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Abstract

Why do Southeast Asian states use regional mechanisms for disaster relief? From a conventional functionalist perspective, inadequate domestic-level responses to emergencies create a demand for scaled-up governance. This article offers an alternative interpretation of disaster cooperation in Southeast Asia. Drawing on theoretical insights from comparative regionalism and critical disaster studies, it argues that the raison d’être of the Association of Southeast Asian Nations (ASEAN) Coordinating Centre for Humanitarian Assistance on Disaster Management (AHA Centre) is to empower ASEAN states vis-à-vis extraregional humanitarian actors. The AHA Centre works to enable Member States to gatekeep intrusive extraregional aid and, ultimately, to transform authority relations in the international humanitarian system in favor of state actors that have traditionally found themselves in a peripheral and passive role.

Open Access
In: Global Governance: A Review of Multilateralism and International Organizations

Abstract

Credibility has been used to explain theories of deterrence and cooperation in international relations. In the peacekeeping environment, for what purposes should credibility be built and how can it be signaled? Despite being listed by the UN as a success factor in peace operations, our understanding of credibility in peacekeeping remains limited and focused on deterrence. This article argues that credibility in peace operations must be built for both deterrence and cooperation purposes. Drawing on the international relations, civil war, and peacekeeping literatures, it conceptualizes credibility in peacekeeping by identifying the purposes for which credibility must be built and signaled: deterrence and cooperativeness. It contends that while a peace operation’s ability to deter is limited, signaling cooperativeness - credibility in cooperation—enables a force to cultivate cooperation with national and subnational audiences. This helps to create a more predictable security environment by enabling the force to function on a daily basis.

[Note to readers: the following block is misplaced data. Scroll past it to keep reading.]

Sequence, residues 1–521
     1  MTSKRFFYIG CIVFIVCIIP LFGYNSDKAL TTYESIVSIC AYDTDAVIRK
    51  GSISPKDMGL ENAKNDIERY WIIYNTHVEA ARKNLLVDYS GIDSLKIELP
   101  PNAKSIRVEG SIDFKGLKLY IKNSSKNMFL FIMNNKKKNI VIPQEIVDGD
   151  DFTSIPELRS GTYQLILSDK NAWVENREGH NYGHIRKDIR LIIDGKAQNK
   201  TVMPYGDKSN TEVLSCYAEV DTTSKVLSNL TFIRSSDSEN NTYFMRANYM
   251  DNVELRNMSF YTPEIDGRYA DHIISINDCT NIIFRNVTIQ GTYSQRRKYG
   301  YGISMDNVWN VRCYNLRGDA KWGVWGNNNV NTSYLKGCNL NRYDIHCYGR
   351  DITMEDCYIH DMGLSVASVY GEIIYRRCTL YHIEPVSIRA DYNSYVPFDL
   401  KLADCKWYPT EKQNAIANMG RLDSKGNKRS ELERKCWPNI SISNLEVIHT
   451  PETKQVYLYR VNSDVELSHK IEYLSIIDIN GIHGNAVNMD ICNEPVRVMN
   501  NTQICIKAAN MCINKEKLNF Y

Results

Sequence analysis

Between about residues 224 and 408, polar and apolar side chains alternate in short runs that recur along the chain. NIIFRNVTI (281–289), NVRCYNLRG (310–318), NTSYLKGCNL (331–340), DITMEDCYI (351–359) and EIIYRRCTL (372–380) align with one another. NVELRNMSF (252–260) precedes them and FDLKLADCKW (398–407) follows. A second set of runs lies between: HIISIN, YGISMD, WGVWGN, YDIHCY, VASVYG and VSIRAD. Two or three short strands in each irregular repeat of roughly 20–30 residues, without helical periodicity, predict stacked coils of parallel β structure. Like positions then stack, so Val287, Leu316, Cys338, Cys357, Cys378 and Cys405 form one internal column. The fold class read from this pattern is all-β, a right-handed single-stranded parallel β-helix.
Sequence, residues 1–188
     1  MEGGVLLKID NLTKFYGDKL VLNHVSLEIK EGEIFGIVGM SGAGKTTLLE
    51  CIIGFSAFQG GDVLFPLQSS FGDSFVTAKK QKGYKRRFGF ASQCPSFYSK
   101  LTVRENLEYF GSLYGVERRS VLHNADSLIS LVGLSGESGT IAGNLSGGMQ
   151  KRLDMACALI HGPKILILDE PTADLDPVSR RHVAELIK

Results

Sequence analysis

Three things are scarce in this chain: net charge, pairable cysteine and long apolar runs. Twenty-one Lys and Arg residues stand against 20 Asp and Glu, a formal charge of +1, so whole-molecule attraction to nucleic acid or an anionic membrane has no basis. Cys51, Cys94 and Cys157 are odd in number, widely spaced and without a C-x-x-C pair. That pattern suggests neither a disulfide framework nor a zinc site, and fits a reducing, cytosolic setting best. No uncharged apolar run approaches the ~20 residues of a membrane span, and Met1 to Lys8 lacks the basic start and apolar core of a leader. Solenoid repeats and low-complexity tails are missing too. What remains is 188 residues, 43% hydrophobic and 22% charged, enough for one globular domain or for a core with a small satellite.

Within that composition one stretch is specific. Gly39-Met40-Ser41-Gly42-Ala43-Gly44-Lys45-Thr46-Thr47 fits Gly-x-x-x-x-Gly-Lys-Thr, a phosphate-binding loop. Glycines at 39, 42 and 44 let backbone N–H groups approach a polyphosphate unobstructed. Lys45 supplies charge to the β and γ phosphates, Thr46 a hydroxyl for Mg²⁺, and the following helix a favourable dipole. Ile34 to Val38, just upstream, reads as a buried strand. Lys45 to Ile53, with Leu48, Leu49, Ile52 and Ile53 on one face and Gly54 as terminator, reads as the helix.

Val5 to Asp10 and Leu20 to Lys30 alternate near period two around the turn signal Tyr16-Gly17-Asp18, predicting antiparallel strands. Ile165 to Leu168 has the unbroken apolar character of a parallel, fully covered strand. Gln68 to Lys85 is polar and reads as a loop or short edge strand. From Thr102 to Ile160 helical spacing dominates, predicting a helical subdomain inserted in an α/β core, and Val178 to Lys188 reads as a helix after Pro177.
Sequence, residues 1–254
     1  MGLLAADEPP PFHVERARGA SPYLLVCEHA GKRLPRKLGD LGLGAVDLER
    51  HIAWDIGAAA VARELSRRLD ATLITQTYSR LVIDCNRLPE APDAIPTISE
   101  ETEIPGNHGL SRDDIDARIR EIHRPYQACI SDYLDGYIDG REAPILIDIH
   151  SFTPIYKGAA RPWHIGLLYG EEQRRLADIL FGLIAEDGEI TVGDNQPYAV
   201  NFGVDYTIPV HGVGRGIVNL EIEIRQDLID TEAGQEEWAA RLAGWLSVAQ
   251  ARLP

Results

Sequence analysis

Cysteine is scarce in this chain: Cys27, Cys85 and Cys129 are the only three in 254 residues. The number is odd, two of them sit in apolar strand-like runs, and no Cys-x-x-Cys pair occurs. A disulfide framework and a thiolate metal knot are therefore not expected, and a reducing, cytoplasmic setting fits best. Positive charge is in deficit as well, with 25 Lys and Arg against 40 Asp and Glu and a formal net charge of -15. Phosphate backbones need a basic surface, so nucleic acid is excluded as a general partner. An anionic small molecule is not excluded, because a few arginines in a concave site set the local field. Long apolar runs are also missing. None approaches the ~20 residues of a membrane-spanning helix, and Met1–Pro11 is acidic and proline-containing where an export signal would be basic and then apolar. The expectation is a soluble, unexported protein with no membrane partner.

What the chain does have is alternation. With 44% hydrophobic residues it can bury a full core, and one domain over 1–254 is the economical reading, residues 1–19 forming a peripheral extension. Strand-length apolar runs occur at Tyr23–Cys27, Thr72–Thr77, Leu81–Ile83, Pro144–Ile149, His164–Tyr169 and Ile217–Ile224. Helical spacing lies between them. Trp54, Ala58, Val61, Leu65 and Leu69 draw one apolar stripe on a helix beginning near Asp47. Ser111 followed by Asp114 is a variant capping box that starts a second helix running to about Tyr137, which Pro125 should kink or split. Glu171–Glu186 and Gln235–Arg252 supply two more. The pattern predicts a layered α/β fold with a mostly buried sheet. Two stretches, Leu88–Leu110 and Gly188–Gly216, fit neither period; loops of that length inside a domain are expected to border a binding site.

Open Access
In: Global Governance: A Review of Multilateralism and International Organizations
Author:

Abstract

This article considers what the responsibility to protect populations from atrocity crimes (R2P) requires States to do in Ukraine. It begins by considering how the R2P’s ‘three-pillar’ implementation strategy is to be understood in relation to a situation in which atrocities are being perpetrated not by a State against its own population but by an aggressor State; and then considers the parallels between what is required of States by the political commitment to the R2P, and what is required by the legal obligations to prevent genocide and to cooperate to end serious breaches of peremptory norms. The second part of the article then considers a series of options that may be pursued by States in fulfilment of their R2P and corresponding legal obligations, from options falling short of military intervention (including legal proceedings, economic and diplomatic sanctions and military assistance) through to the possibilities of unilateral military intervention and UN peacekeeping.

Open Access
In: Journal of International Peacekeeping
Author:

Abstract